Drone inspection for oil and gasSeth Price | October 21, 2021
Petroleum, natural gas and chemical manufacturing plants have been quickly adopting a new inspection technique: drones. Unmanned aerial vehicles (UAVs), commonly known as drones, have multiple advantages over manual inspection techniques.
UAVs can reach places that are difficult or dangerous for workers to access. While UAVs are not a fix-all, they are being developed for many industrial applications, and outfitted with an array of sensors for detecting problems, locating injured workers, and so on. UAVs will become much more commonplace as the technology matures.
UAVs can be used to view and take measurements of environments that are hazardous to humans. This is particularly useful for high places that would require a crane, ladder or elevated walkway to perform manual inspections, such as in tank farms, absorption columns, crackers, towers and stacks. They can also be useful in confined spaces, low oxygen environments or places where high voltage is present.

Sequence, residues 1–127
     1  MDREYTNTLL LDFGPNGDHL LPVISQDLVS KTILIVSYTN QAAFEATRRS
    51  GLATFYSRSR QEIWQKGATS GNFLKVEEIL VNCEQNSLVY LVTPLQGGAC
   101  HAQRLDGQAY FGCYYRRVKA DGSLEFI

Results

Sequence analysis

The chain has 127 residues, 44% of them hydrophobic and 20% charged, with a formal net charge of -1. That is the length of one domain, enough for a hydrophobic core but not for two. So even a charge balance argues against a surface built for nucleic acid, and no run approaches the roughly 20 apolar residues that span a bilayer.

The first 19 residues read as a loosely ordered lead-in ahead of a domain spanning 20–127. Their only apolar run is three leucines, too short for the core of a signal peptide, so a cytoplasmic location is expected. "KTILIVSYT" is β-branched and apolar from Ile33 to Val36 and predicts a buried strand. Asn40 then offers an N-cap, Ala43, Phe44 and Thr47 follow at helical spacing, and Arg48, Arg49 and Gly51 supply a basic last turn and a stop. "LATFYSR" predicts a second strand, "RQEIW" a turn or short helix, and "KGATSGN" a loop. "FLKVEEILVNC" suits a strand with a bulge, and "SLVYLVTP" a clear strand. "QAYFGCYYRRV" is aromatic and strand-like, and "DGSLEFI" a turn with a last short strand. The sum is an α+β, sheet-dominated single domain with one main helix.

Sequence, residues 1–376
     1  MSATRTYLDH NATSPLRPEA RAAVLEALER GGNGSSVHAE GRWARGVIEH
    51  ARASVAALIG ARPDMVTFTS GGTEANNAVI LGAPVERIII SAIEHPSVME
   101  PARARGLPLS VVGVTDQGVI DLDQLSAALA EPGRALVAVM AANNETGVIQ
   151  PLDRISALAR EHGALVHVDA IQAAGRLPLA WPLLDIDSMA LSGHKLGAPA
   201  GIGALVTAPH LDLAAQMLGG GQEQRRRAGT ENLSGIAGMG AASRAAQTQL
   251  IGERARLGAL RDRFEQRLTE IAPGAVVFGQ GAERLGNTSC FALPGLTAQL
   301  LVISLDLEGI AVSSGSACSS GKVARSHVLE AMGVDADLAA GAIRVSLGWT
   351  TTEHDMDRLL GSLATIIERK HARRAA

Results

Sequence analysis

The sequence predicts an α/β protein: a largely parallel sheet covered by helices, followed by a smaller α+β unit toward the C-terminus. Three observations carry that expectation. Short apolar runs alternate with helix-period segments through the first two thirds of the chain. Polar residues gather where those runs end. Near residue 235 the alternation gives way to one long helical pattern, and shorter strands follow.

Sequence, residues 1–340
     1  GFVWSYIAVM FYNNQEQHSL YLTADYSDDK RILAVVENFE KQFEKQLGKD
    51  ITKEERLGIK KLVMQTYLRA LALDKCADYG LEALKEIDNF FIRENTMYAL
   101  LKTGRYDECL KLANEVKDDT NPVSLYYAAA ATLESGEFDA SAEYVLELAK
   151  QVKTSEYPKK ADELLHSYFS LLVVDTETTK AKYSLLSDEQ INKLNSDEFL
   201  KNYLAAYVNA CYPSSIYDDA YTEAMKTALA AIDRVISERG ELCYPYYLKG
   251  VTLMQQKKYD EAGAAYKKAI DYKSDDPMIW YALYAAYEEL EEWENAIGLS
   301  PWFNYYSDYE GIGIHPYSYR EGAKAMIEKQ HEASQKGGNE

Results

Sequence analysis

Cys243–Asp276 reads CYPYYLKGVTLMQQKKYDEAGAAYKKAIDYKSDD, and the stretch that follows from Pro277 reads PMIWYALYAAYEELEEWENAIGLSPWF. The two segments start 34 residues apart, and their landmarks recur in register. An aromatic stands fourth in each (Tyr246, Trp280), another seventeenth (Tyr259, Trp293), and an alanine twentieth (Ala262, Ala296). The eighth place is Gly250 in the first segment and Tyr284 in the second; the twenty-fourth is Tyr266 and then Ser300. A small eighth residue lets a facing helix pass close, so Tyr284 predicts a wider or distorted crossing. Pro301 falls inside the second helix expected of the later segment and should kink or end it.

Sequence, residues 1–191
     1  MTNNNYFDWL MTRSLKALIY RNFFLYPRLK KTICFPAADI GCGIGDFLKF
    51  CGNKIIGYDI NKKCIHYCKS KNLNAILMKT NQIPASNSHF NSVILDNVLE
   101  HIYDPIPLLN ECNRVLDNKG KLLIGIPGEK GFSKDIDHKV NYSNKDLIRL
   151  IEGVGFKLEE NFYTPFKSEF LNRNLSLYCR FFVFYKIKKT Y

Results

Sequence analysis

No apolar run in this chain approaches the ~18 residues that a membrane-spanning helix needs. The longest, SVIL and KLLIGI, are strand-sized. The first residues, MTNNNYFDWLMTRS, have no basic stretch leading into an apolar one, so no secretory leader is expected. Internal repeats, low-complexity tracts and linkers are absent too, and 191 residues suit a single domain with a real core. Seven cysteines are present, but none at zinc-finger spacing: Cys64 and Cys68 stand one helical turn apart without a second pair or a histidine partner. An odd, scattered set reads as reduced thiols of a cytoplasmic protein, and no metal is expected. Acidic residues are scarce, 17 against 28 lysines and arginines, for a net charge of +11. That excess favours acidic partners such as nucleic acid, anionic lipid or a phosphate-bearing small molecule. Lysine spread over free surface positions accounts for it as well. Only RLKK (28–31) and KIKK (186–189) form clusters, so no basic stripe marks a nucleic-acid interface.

Even a specially trained and experienced technician can fall down a tank access ladder. Outdoor stairs, ladders and catwalks become icy and wet, which can also result in an injury or death. They can also expose workers to heat, wind and potential frostbite, depending on the amount of time the worker must walk on these structures.
Instead of sending a technician to climb stairs and move along a catwalk, the technician could guide a UAV to the upper levels of the tank farm to view any relevant manual gauges or to perform visual inspection of the structure. Performing the inspection with a UAV may not entirely replace a manual inspection, but might be able to save the technician a few potentially dangerous steps.